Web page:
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The book world was shocked when the Pulitzer Prize board elected not to hand out an award for fiction this year. But why? (Thinkstock)
The book world was shocked when the Pulitzer Prize board elected not to hand out an award for fiction this year. But why? (Thinkstock)

Russell Smith: On Culture

No Pulitzer Prize for fiction? It's no big deal Add to ...

Much scorn has been heaped on the board of the Pulitzer Prizes for deciding not to give out an award for fiction this year.

The board had been given a short list of three American novels to choose from: the posthumously published The Pale King by David Foster Wallace, Train Dreams by Denis Johnson and Swamplandia!, a first novel by Karen Russell. This list had been chosen by a three-person jury, composed, as usual, of a novelist, a media critic and an academic.

The final winners in every Pulitzer category are selected by the board, which is made up of 20 people, usually a mix of professors from Columbia University (the institution that administers the prizes) and professional newspaper people. There are 21 Pulitzer categories, most of them in journalism, so it is largely reporters, newspaper executives and journalism professors who choose the winner of the fiction prize. This has always been the case.

This year, the board could not reach a consensus on the best book of the nominated three, and decided not to award a prize at all. It is not the first time the board has declined to give a fiction prize, but the last time was 35 years ago.

The publishing community and the literary media were dismayed, sometimes even outraged, even though it still isn’t clear why exactly a quorum could not be attained. Was it a simple lack of majority and a system that does not allow for negotiation or repeated voting? Or was there some emotional intransigence on the part of some displeased board members?

Mockery of the supposedly Philistinic news people who rejected three exemplars of contemporary American literary sophistication began right away.

The New Yorker published a mock “memo exchange” among members of the Pulitzer board that makes them out to be illiterate adolescents (“These things are like a HUNDRED pages long,” whines one.) Novelist Ann Patchett wrote angrily in The New York Times that the decision gave the public the wrong message about the quality of recent fiction. And the jurors themselves expressed bitterness about the failure of the board.

There is a widespread belief among literary bloggers that the Pulitzer board members were reluctant to give out a fiction prize because they simply didn’t get any of the quirky books.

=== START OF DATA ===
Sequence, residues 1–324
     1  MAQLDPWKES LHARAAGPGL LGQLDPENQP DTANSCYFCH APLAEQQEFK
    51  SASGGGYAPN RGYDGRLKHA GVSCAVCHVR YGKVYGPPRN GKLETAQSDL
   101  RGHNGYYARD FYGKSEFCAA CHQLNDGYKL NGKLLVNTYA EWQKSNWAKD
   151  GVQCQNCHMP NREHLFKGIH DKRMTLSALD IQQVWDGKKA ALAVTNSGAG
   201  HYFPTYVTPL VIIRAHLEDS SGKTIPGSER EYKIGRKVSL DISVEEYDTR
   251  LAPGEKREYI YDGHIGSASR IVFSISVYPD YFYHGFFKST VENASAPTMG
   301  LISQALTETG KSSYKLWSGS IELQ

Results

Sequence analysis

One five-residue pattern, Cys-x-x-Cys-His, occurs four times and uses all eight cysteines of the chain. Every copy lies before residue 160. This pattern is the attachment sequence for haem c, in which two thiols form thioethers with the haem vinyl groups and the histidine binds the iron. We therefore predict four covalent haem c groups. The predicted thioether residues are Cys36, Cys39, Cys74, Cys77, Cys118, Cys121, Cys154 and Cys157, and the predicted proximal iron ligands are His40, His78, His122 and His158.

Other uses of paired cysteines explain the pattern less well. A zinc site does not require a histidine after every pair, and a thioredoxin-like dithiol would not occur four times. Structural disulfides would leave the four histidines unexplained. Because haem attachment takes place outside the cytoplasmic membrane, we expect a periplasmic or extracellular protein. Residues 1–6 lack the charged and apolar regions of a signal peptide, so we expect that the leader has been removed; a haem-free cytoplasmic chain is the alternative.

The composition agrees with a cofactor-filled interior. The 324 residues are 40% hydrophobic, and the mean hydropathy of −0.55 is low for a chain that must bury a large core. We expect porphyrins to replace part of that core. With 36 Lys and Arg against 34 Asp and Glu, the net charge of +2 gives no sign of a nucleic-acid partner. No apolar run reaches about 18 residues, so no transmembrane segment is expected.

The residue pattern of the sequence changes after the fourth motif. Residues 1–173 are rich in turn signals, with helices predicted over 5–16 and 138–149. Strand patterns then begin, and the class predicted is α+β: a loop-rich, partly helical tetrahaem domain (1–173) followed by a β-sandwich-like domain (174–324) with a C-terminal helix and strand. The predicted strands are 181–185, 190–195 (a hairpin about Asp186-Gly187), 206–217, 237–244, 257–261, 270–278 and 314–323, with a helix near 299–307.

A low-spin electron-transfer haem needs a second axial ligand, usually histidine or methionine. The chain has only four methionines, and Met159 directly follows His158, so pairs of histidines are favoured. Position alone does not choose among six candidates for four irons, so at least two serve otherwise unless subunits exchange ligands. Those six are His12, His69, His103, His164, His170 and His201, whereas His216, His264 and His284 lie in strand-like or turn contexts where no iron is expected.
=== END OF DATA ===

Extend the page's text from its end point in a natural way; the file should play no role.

There is no justification for these personal smears. I am not at all sure why everyone is so upset in the first place. If the absence of a crowned king insults the literary endeavour somehow, then why have we been complaining for the past 10 years about the emphasis on prize winners and how it does a disservice to all the other brilliant writers out there? How exactly do the literary or publishing communities of the United States benefit from there being one and only one Pulitzer Prize winner declared? Wouldn’t it be generally fairer and more beneficial to the reading public to crown three or even five best books of the year?

The Canadian equivalent is the Giller Prize, the source of much grumbling from authors who don’t win it, which means almost all authors.

The common complaints against the media hysteria over prize winners are: (1) It simplifies the literary landscape, sending a large and heterogeneous reading public to one single book as representative of all literary production that year; (2) all the other books that come out that year are deemed by booksellers and the general public to be inferior, regardless of what ecstatic reviews they may have received or what artistic ground they broke; (3) the winners are chosen by the flawed process of jury compromise, in which the book that most jurors picked as their second or third choice tends to win; (4) juries are human and politicized and have agendas just like anyone else; and (5) the prizes or lack of them have such a huge impact on sales that publishers direct all their efforts to winning them, which means selecting prize-worthy books to publish rather than the ones they like best.

Even more annoying to the literary community is the hoopla around the CBC’s Canada Reads, which selects random people to make random books famous. It’s like choosing the book of the year by lottery.

With all these significant objections to winner-take-all prize-giving, one wonders why the Pulitzer board hasn’t been applauded. Now, three books will be studied and debated and bought, not just one.

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